"No, it's not a 'Fifty Shades' paddle," Brunetti jokes of the oar given to him at the wrap of 'Captain Phillips' by a few of his special op buddies. It's given to a SEAL upon retirement.

Given how much Fifty Shades has earned, will the budget go up for Darker?

I hope not. As a producer, I love the fact that we made it for as little as we did and it's grossed as much as it has. I've been proud of that on all my films. Will the budget go up? Maybe if there's renegotiations on deals and fees. But as far as the actual production is concerned, I don't think so. We run pretty lean and mean.

What do you think of Dakota Johnson and Jamie Dornan wanting big raises?

Look, when I was starting out and had to cut my teeth and build my résumé to get in, I had to basically work for free on a lot of things. I still take reductions in my fees for the opportunities to do certain things. We got slack on Captain Phillips about how much Barkhad [Abdi] and those guys got paid. Look at Jonah Hill in Wolf of Wall Street. It was great for his career. So I'm not going to cry for anybody who wants to be in this business just because a thing they were involved in did very well and they didn't get paid [a lot]. That's not the deal that you made. If it was, I'd have more than a couple Ferraris because all the money my films have made is f—ing insane. You've got to start somewhere.

Brunetti is part of a consortium that owns racehorses named Fifty Shades (pictured), Fifty Shades Darker and Fifty Shades Freed.

Any chance you guys will split the third book — Fifty Shades Freed — into two movies, like Hunger Games and Twilight?

I don't know. I mean, look, we don't even have a writer yet, so we have to sit down and think about what the takes and all that would be, so that's way too premature.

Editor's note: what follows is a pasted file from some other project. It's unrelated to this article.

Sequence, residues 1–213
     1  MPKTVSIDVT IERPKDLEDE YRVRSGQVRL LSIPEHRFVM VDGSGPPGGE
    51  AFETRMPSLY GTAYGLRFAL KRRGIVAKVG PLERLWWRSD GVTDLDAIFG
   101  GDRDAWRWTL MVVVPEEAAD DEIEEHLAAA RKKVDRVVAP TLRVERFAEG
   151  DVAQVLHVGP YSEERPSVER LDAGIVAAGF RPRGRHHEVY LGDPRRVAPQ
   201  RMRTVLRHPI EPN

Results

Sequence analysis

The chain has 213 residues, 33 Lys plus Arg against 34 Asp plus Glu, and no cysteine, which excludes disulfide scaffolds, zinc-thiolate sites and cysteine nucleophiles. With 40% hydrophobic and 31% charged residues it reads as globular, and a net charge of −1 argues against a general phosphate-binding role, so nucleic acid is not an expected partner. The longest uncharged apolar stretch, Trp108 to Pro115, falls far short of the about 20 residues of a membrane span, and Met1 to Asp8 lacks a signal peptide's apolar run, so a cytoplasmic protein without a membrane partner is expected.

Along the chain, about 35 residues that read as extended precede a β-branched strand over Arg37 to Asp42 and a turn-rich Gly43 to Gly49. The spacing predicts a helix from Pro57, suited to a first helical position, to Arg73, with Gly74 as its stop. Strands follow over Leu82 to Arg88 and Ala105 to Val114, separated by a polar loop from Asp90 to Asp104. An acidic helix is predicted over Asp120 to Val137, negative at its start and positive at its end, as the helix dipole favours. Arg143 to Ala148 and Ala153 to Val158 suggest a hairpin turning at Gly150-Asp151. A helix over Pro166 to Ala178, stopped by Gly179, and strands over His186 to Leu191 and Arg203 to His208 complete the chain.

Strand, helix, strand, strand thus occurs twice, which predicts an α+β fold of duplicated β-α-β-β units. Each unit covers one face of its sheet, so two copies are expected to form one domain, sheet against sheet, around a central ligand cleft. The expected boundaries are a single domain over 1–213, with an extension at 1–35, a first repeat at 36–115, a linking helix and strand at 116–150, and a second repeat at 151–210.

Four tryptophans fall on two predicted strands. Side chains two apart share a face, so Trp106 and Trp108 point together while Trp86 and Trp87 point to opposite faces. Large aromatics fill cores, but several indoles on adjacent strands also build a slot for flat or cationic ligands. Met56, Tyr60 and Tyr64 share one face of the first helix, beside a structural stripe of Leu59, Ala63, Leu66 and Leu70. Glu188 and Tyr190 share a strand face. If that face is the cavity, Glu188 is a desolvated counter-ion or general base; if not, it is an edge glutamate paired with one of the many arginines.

It seemed like you were the consigliere for EL in Hollywood. How did you like that role?

She's a really interesting person to begin with. Her story is amazing — how she came from obscurity to this and still is very humble, no matter what people say and think of her. She's actually very frugal. You would never know that she's made as much money as she has. She has a Tesla, a little Audi that she bought herself. They live in a nice house, but it's not what you would think. It's in a regular neighborhood outside of London. When the bill comes, if she's paying the bill, she still goes over to make sure she hasn't been charged for anything she shouldn't have been charged for. It makes me want to check my bill now. I'm like, "Wait, They do that?" None of it has gone to her head. Her husband bitches to her about her data plan when she's over here.

Spacey's boyhood home was located on Trigger Street in Chatsworth. L.A. Mayor Eric Garcetti gave them the sign.

What are your thoughts on all the recent executive moves in the film business?

What happened with Amy [Pascal], I feel really bad for her. She got caught in something that was really beyond her control as far as The Interview was concerned, aside from the fact that she didn't have to greenlight the movie. But I think that's a bullshit argument because there's been a lot worse that's been done. Some people are, "She shouldn't have done it. It's North Korea. Why didn't they just change it to whatever fake country?" But then it starts to be censorship. We're then cowering to the terrorists. And then the emails with her and Rudin. God forbid anybody got in my emails or anybody's email. Everybody jokes around and has fun at the expense of others, no matter if it's on race or religion or just somebody they don't like. We all do that back and forth. I think people are a lot more careful now about doing it, but we've all done it. Scott skated right through that because people think, "Well, that's what you expect from Scott Rudin." Maybe that's what they expect of me as well. But Amy, I guess they didn't expect that of her or from someone in her position. As for Tom [Rothman] coming to Sony, it's going to be interesting to see what shakes out. Now there's going to be fresh eyes on things. And with Paramount, who's going to replace Adam [Goodman] is going to be interesting. I was not taking anything [to Paramount] because nothing was happening. Depending on who they bring in, maybe I'll start taking projects there.